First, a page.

Welcome to practical physicsPracticle physics - practical activities designed for use in the classroom with 11 to 19 year olds

The inertia balance or 'wig-wag'

Class practical

This activity shows that resistance to motion depends on the mass of the body being accelerated, rather than on its weight.

Apparatus and materials

For each student group

Inertia balance



Elastic band

Health & Safety and Technical notes

If using hack-saw blades, take care to avoid cuts or scratches. 
Do not overload the system, or the blades might buckle or snap. Test this safely before the lesson, and make sure that students cannot add an excessive load. 
Take care when masses fall to the floor. Use a box or tray lined with bubble wrap (or similar) under heavy objects being lifted. This will prevent toes or fingers from being in the danger zone. 

You can purchase wig-wags, but it is cheaper and not too difficult to make them. Use two hack-saw blades or equivalent lengths of metal strip, and place a block of wood between them at one end. This serves as anchorage to be fixed to the table. Place another block of wood between them at the other end, to act as the platform which carries the loads. 

A wig wag

It is essential to clamp each blade very firmly on both sides of the blocks of wood. Place another small block of wood or metal outside the blade, flush with the main block, so that the blade emerges as if from the well-matched jaws of a vice. Then drive screws through the small blocks, through holes in the saw blades, and into the big block.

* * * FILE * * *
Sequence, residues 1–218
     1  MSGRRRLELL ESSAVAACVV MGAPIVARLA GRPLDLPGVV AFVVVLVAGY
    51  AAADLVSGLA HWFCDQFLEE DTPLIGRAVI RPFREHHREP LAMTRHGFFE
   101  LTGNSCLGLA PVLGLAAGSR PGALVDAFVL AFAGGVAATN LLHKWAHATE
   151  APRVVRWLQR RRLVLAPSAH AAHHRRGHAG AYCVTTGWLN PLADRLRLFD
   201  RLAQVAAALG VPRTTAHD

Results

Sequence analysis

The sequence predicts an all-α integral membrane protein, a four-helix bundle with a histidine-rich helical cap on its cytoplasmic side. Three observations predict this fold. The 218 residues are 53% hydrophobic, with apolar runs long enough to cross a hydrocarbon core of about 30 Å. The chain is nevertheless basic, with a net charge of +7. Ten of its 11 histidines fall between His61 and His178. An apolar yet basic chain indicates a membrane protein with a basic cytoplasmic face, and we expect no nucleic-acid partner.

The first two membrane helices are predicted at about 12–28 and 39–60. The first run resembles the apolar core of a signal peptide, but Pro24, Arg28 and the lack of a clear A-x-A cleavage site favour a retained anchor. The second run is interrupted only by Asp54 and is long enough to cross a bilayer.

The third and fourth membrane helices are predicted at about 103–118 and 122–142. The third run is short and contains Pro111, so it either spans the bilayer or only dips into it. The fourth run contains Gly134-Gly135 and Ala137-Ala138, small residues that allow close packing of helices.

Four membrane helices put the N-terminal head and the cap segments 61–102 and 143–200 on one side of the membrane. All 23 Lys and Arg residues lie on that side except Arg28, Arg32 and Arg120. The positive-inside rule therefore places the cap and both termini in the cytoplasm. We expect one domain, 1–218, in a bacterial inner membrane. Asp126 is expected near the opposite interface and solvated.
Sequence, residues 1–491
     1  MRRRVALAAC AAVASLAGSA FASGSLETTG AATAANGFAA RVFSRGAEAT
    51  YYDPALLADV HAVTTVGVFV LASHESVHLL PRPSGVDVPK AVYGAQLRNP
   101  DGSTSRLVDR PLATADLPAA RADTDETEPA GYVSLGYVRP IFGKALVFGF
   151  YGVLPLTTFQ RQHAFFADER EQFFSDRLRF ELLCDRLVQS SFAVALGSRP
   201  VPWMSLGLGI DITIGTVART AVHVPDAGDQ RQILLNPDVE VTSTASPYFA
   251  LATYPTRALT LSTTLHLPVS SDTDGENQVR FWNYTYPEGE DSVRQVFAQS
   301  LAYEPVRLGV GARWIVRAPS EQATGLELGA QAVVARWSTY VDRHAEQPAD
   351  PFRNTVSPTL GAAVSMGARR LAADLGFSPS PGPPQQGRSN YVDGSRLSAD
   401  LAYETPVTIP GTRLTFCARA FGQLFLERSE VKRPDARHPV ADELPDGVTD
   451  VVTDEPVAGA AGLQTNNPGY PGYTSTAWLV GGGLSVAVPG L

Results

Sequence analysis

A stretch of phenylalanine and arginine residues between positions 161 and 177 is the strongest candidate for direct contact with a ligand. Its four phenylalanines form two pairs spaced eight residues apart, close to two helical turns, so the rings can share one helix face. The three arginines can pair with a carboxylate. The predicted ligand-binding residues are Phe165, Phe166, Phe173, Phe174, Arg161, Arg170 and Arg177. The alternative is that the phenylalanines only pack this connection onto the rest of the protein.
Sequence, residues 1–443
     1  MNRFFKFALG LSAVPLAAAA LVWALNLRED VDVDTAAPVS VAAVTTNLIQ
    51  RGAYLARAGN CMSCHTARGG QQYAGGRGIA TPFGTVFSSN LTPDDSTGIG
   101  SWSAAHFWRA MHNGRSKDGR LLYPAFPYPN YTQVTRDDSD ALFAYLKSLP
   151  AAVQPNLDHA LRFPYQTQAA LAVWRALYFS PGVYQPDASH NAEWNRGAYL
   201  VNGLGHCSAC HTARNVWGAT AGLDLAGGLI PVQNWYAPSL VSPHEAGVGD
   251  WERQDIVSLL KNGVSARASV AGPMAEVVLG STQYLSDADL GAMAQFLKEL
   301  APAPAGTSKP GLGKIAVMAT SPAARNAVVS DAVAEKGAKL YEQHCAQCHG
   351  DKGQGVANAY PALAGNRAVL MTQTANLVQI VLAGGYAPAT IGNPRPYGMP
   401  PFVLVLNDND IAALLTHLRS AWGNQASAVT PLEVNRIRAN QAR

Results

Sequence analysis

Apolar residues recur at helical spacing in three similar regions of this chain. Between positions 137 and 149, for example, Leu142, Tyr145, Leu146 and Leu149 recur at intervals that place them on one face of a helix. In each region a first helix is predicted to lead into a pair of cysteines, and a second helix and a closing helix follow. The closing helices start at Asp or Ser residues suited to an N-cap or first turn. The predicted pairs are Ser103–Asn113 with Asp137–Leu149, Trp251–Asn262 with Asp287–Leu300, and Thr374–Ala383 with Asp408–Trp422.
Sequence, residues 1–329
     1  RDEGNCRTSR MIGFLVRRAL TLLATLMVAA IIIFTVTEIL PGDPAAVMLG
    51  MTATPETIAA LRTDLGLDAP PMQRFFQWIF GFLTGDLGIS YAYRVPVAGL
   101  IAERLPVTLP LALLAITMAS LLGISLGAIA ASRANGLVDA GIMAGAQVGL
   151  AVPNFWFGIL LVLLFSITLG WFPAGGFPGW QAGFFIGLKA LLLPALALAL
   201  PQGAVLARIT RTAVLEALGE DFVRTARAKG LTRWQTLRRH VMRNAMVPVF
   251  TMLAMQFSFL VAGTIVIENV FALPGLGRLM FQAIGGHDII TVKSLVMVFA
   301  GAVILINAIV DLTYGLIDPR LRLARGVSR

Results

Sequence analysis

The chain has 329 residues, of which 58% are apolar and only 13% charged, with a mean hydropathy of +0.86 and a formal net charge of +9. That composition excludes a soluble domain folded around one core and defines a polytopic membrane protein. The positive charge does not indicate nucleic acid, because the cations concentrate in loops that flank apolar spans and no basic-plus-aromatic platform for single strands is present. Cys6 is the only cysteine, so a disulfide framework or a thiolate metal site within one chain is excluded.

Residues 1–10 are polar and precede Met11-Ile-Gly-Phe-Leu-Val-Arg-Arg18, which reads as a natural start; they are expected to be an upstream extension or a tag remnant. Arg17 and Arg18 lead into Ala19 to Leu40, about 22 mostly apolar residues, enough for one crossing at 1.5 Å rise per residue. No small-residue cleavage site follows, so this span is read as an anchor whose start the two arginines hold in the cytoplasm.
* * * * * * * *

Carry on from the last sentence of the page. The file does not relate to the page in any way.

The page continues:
For a temporary balance, use a large G-clamp to clamp small blocks, both blades, and the large block together, in a multiple sandwich with a similar clamp at the other end. 

Using large G-clamp

Cylindrical masses held in holes in the vibrating platform work well with this experiment, but are not essential (see illustrations below). 



a Clamp one end of the wig-wag rigidly to a lab bench with G-clamps so that the blades stick out horizontally. The other end acts as a platform that can vibrate to and fro. 

b Pull the platform to one side, release it, and watch it vibrating. 
c Increase the load by adding masses to the platform. Use an elastic band to secure the loads. Note the change in resistance to motion (inertia) and in the vibration time (period of the motion). 

Clamp the wig-wag Photograph courtesy of Mike Vetterlein

d Support the load vertically with a thread holding most of its weight, leaving only a little of it supported by the moving platform. The moving platform will still carry the full mass of the load in horizontal motion. With a bit of practice, you can do this by pulling upward on a taut thread and moving your hand to and fro in time with the motion of the platform. Or you can fix the thread to a support as far as possible above the platform. You have changed the vertical force. 
e Find out whether this makes a difference to the wig-wag motion. 

add weights Photograph courtesy of Mike Vetterlein


Teaching notes

1 The oscillation of the system does not depend on the pull of the Earth. The period of oscillation,T, depends only on the mass, m, of the oscillating body, not its weight. T ∝√ m

2 If the system is suitably calibrated, the period of oscillation can be used to determine an unknown mass. 
This is the principle employed in machines which measure mass in Space.  

This experiment was safety-checked in August 2007


Related guidance



Related experiments

Comparison of two kilogram masses


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